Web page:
winging it


I spent time this weekend practising my techniques for tying matching wings… Whenever I see a perfectly symmetrical, well proportioned pair of wings on a fly, I understand the effort put into mastering the tying method used to deliver such a result.

green machine - what will the sea trout make of this next season?

green machine – what will the sea trout make of this next season?

Matching slips must be cut from opposite halves of a symmetrical feather, then they must be perfectly aligned above the hook and bound in such a way that they flare symmetrically, or kiss together above the shank of the hook. It is tricky to achieve and, as I have discovered, even more of a challenge when downsizing to small flies.

This tail feather from an adorable ring - necked parakeet is ideal for snipping off matching wing components for small flies. Similar properties are found in pheasant tail feathers and any bi-laterally symmetrical feather.

This tail feather from an adorable ring – necked parakeet is ideal for snipping off matching wing components for small flies. Similar properties are found in pheasant tail feathers and any bi-laterally symmetrical feather.

For matching wings, I find it best to use a pinched loop pulled straight down over the carefully placed pair of wings… Tighten the wrap firmly whilst maintaining the position of the wings – avoid being timid as tightening too slowly often results in the wing fibres being pulled out of alignment.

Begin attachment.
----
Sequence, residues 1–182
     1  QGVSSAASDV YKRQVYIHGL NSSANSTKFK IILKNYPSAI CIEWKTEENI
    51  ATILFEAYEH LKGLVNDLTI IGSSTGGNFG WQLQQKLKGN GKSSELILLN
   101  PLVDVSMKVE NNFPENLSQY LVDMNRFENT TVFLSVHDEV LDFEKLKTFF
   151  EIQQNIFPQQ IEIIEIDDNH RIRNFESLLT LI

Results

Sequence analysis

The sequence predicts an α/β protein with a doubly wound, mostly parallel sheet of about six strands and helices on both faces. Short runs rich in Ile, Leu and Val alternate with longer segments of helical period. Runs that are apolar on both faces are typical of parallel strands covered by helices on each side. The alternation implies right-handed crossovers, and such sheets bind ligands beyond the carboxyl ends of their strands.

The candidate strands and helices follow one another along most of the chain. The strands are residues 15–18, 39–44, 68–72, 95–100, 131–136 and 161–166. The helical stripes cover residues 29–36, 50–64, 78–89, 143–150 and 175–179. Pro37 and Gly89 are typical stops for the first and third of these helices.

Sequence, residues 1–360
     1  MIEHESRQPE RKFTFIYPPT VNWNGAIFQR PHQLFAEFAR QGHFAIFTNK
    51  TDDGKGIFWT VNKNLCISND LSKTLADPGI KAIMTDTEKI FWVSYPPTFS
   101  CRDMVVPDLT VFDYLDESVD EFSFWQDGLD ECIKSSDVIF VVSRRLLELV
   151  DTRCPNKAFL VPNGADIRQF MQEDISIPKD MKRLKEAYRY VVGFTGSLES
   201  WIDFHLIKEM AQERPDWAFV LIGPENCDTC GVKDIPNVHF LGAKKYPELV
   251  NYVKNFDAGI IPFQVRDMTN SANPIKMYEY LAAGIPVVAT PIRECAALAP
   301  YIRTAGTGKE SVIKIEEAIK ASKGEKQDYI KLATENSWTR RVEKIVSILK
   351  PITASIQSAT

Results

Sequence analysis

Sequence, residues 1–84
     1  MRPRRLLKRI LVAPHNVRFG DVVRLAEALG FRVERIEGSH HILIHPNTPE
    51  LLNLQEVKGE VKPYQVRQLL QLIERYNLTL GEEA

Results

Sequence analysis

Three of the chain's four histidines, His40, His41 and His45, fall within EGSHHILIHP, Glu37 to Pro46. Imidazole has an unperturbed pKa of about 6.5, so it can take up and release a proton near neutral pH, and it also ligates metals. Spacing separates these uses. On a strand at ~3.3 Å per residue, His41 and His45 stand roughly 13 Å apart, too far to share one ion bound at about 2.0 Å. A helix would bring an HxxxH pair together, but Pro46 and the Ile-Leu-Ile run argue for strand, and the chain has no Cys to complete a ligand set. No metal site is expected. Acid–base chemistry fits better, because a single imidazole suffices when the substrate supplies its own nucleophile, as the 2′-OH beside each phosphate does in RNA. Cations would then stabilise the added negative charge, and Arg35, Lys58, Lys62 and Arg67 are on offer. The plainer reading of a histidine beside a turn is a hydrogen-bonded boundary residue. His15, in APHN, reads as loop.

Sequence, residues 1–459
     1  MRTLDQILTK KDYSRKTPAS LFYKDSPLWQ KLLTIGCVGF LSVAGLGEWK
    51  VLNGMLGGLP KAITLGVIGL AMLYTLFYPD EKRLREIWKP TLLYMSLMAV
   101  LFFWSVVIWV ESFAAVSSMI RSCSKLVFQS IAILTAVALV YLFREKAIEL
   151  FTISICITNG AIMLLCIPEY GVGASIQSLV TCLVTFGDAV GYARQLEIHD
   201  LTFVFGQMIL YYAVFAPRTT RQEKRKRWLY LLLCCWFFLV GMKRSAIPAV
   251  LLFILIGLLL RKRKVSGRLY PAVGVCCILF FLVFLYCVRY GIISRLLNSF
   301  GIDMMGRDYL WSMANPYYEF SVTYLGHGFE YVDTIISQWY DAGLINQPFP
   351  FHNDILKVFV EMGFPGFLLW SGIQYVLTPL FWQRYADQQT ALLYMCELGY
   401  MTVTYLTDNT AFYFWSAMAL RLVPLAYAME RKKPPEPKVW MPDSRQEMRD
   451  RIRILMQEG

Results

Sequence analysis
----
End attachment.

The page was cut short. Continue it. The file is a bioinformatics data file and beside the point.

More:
I tried to create matching tails and matching wings... These are tied on size 16 barbless hooks .

I tried to create matching tails and matching wings… These are tied on size 16 barbless hooks .

For upwinged style flies, tie in the matching wings facing forward over the eye of the hook then fold them back and wrap them with a couple of neat, evenly tensioned figure of eight loops… Practice makes perfect!

upwinged style - I tied these for my winter season debut at the start of October

upwinged style – I tied these for my winter season debut at the start of October

Different materials can be used for tails, depending on the occasion. In this instance, I am grateful to Mitchi for discarding two elegantly proportioned whiskers! We make a great team – she loves eating part of the proceeds every time I bring a trout home from the lake.

natural is often simple... and a rather tricky  look to achieve!

natural is often simple… and on a size 16 hook, a rather tricky look to achieve!

I look forward to many hours of practise to improve my winged techniques – hopefully in time for next year’s mayflies at the start of summer.

Thanks for reading, see you again soon!

4 responses to “winging it

  1. I have never mastered the paired wings of a beautifully tied wet fly. It always becomes a smooshed affairs.

  2. Norman Phillips re:- Phillips Winging Machine

    In the 70’s & 80’s I made and sold a “patent applied for” machine that made the making of wings for wet flies a very easy procedure—Although receiving rave reviews from the Fly Dressers Guild, Trout Fisherman, Trout & Salmon etc., I could not get any help with financial backing, so reluctantly I was forced to cease manufacture in my kitchen/workshop with the onset of fatherhood & a mortgage.—-I bought one on Ebay a couple of years ago– on a nostalgia trip—It cost me more than I sold it for in the first place!
    Happy Days!

  3. Amazing! Welcome to metiefly Norman – would be great to see your machine back in action… Never give up Sir!

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